I ordered Christmas Cards from Costco today. Their 6×7.5 cards were reasonably priced at 50/$14.99. I used their templates, although I did note that Costco also had the ability to create your own card and upload it. For this project, it was easier to create the project online, and they had a wide variety of templates available. The only disadvantage is that I have to settle for a relatively low-resolution screen capture to illustrate this blog. The order even came with four free calendars.
I really don’t know how to photograph an exploding meteor, but if you take lots of photos you may just get lucky, at least that is what happened to Scott Rinckenberger. For more details on this photo see How an Exploding Meteor Turned a Great Shot Into a Once-in-a-Lifetime Photograph.
More and more products now come in clear bottles. Marketing companies have apparently decided that the quickest way to appeal to people is to let them see their product. While I generally favor transparency, clear packaging is not a good thing. I do not know exactly what happens with each product, but I do know by definition any colored product must absorb light and that light will eventually cause it to degrade.
In any case, if you have a choice between clear packaging and something else, something else is generally a better choice. See foodsafetysite.com for more information on this problem.
What’s The Most Durable Way To Store Information?
1. Engrave it on a piece of platinum.
2. Bury the platinum in the desert
Popular Science, December 2013
Apparently, the most durable way to preserve information is to engrave it on platinum and then to bury it in the desert. I haven’t tried this approach, and until I decide to do so, I am planning to continue to rely on the M-Disc. For more details on storing files on the M-Disc see Step-By-Step Guide to a Permanent Digital StoryBook Backup.
Panstoria uses 25 gauge stainless steel wire stitching for hardcover binding, and PUR adhesive for softcover books. I contacted Werner Rebsamen with the Hardcover Binders International, and he specifically cautioned against the use of stainless steel wire for this purpose, indicating that similar bindings had failed prematurely when tested with the Universal Book Tester. In addition, ISO standards for hardcover books do not recommend metal stitching. Panstoria Photo Book Review, September 24, 2013
Because, I was uncertain about the construction of the Panstoria photo book binding, I sent a sample to a friend in the book binding industry. He used the Universal Book Tester or UBT to examine the strength of the binding. The UBT uses a tumbling motion to test the strength of book bindings.
In this test, Panstoria’s photo book (left) did not perform as well as the Creative Memories photo book (right). It showed greater separation at the spine and some enlargement of the stitching holes that was not apparent with the Creative Memories photo book. Both books, however, performed well, and I can safely say I am comfortable with the process that Panstoria uses to assemble their books. I do not believe that Panstoria’s photo books will fall apart over time.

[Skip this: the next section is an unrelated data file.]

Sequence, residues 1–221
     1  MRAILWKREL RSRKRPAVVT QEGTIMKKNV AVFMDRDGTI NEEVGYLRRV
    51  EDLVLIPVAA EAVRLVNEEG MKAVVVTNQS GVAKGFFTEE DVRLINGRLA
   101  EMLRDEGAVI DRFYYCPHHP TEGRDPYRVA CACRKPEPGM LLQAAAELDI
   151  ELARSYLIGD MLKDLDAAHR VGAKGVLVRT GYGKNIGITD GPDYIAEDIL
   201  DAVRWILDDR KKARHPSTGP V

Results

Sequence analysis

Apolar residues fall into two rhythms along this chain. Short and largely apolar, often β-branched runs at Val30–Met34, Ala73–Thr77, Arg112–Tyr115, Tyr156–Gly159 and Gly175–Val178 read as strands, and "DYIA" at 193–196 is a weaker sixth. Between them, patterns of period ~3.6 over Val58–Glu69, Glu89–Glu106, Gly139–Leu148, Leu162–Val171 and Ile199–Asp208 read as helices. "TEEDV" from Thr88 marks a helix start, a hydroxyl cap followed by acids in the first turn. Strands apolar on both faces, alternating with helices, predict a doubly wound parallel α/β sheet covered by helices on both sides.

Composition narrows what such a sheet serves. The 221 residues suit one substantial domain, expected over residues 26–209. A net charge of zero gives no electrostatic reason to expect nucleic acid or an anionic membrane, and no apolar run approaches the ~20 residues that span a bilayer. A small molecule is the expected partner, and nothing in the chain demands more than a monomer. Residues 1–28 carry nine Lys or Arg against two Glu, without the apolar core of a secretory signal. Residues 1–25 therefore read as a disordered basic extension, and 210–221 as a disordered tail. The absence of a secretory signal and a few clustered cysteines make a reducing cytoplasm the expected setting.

As I have indicated in the previous parts of this review, overall, I prefer Creative Memories’ photo books to Panstoria’s. In side-by-side comparisons, they are better. However, Creative Memories photo books are no longer available, and I am comfortable with Panstoria’s photo books as a reasonable option at this time. For Part 4 of this review see Panstoria Photo Book Review Part 4.
Note: Only the standard hardcover photo book was tested in the UBT. The test that was completed test does not apply to softcover binding or lay-flat pages.
In a move reminiscent of Kodak’s recent attempt to establish the superiority of film, compared to digital, Kodak alaris has announced that they will “continue to offer the full range of photographic films and papers.” In addition, they have developed a Kodak Film iPhone app that helps you locate a store that still carries film. Now, I am near Minneapolis, and Minneapolis is not a small city. Guess what this app tells me, “Unfortunately no KODAK Retailers or KODAK Film Labs are located around this location.” Does anyone see a problem here?
Have you ever wanted to throw your camera at someone? Well now you can with the Panano Panoramic Ball Camera. This camera combines 36 fixed focus cameras to capture a 72 Megapixel 360° image, using an accelerometer to determine when to take the photo, and it can all be yours on indiegogo for the low early bird price of $499. Feel free to throw one my way.
For more details on the Panano Ball Camera see The Throwable, Panoramic Ball Cam Is Finally Here—and It’s Incredible.